University challenge: Hackers compete for top prize
April 29, 2016
Shah Sheikh (1294 articles)

University challenge: Hackers compete for top prize

Computer hackers are constantly exploiting security flaws and accessing private information. For the participants at a new annual competition, though, it’s not a crime – it’s a sport.

Blood-curdling cries were punctuated by the sound of bamboo swords thwacking against armour, as the University of Cambridge’s Kendo team practiced for their annual match against arch rivals Oxford.

The samurai-inspired martial art requires skill in both attack and defence, and according to the team instructor Dr Frank Stajano, cyber-security is no different.

“You cannot pretend that you will only be able to do the defence side because if you are not skilled at the attack you will not be able to defend.”

Dr Stajano, who is reader in security and privacy at the Cambridge Computer Laboratory, is also the organiser of the Inter-ACE Cyberchallenge. It’s a tournament of hacking fought this year between 10 of the UK’s 13 Academic Centres of Excellence in Cyber Security Research.

Capture the flag

“It’s a ‘sportified’ version of a hacking competition” he told BBC Radio 4’s PM programme, “where the challengers have to perform the same type of attacks that the bad guys do on enterprise computers.”

To win, teams had to complete tasks that required them to hone the skills hackers might use to attack systems.

The so-called “capture the flag” challenges, which were designed by engineers from Facebook, required students to uncover secret lines of code or “flags”, using their hacking skills.

A computer screen showing a global map of systems used in the challenge.

In a more combative challenge, teams fought to take control of a server, with other teams battling to kick them out.

The day began with pizza and pop, not yet banned artificial stimulants, and a warning to competitors not to launch denial of service attacks against computer lab systems.

As the teams of four students began hacking the noise level fell, concentration levels rose, and streams of computer code started marching up laptop screens.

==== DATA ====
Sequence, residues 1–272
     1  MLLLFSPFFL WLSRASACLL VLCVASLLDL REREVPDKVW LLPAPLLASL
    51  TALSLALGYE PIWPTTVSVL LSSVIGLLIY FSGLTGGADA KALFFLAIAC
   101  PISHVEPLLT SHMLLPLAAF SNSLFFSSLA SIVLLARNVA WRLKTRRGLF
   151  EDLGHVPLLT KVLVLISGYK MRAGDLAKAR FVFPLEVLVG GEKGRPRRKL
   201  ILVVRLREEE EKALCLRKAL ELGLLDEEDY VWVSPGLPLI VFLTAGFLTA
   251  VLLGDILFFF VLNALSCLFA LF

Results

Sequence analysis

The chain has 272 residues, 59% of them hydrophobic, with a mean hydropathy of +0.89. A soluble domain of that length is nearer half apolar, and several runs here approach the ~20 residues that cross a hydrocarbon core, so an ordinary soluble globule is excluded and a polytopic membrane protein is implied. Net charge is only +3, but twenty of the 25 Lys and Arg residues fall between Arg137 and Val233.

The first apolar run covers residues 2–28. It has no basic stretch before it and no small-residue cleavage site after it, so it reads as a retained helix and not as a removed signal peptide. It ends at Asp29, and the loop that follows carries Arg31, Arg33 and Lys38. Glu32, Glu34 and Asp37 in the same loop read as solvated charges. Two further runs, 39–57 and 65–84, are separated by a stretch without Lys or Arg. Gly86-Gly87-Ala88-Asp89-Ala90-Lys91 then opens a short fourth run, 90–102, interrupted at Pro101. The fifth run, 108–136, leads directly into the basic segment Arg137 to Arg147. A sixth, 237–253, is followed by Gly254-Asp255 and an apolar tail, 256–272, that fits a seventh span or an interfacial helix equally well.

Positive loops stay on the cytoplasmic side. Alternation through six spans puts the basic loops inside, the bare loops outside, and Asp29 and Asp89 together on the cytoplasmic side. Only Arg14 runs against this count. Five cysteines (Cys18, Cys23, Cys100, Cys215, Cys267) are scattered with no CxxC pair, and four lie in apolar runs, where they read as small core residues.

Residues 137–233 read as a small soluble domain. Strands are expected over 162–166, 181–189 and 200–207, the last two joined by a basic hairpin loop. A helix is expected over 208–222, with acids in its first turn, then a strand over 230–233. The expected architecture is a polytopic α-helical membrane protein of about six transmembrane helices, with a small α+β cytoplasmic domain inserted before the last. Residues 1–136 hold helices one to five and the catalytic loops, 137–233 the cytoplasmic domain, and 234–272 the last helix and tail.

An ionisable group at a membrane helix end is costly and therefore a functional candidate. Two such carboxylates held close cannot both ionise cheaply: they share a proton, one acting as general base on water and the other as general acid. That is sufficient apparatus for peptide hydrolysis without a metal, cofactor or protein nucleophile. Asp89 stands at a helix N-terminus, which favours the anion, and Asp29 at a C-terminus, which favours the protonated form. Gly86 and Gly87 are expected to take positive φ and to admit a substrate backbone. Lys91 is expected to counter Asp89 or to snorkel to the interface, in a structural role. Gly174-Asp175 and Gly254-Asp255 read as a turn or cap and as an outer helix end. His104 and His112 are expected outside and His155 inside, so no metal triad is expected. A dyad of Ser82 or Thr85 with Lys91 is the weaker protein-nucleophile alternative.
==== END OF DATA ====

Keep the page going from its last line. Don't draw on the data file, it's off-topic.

Secret code

As a spectator sport hacking presents serious challenges for commentators,

“I’m doing some reverse engineering things,” one competitor from the University of Southampton hesitantly explained – perhaps aware that a journalist whose computing career peaked in a failed effort to write machine code on a ZX81 might struggle to grasp the finer points of contemporary hacking.

“We’re just trying to break into different web applications, and different systems,” a member of Queens University Belfast told me, as though that was all rather routine.

The competition scoreboard, showing

“The real interesting parts have been steganography,” another student from the University of Kent team observed, referencing the technique of hiding data in sound and images.

“If it was a sport it would be a participant sport,” he argued, but as preparation for dealing with life outside the ivory tower it was first rate. “Being able to deal with security vulnerabilities will hold us in good stead,” he said.

The battle here was fought purely for honour, but in the real world the stakes are much higher. It’s a game even nation states play. Birmingham’s captain researches car vehicle security – “and the stakes are human lives,” she said.

Black and white

But the students weren’t the only ones gaining knowledge. Spectating was Sergeant Phil Cobley of the local Cyber Crime Unit. Rather than advising competitors to “mind how you go”, Sergeant Cobley was treating it as learning experience. His work is with Cyber Prevent, the police programme that tries to steer young people away from cyber-crime.

The Prevent programme has been criticised for urging parents to look out for behaviours and interests that, critics say, could be perfectly innocent – and resemble those of budding web entrepreneurs and white-hat hackers. “I think the important thing is around educational awareness,” he said, making it clear that there were benefits to “community, society and themselves” if young people develop computer skills and use them in the right way.

Dr Frank Stajano pictured with the prize cup
Image captionIf you don’t teach the skills of cyber hacking, “the only ones who will be skilled in them will be the ones who are already bent on evil.”

Dr Stajano hopes that by practising the skills criminal black-hat hackers use, the students will become effective cyber-defenders. If you don’t teach these techniques, he said, “the only ones who will be skilled in them will be the ones who are already bent on evil”.

A sporting chance

University sport has long been an opportunity to forge relationships later in life, and that was also in Dr Stajano’s mind when he started the contest.

“In 10 or 20 years time when each of them is the head of security for a company or head of homeland security for their country then they will remember when they were little they were here one day in Cambridge in 2016 and they have pals over there they can exchange notes with and fight against the bad guys.”

Winning team members Stella Lau, Will Shackleton, Cheng Sun, and Gábor Szarka.
Image captionGold in the team event went to the Cambridge team of Stella Lau, Gabor Szarka, Cheng Sun and Will Shackleton

The competition will be run annually, but in this first clash the laurels, or rather a large shiny cup, went to home team Cambridge, with Imperial and Southampton taking silver and bronze respectively.

Clutching the trophy, a member of the Cambridge team seemed relieved. “The other Universities like Southampton and Imperial were on our tails throughout the entire competition,” he said.

Source | BBC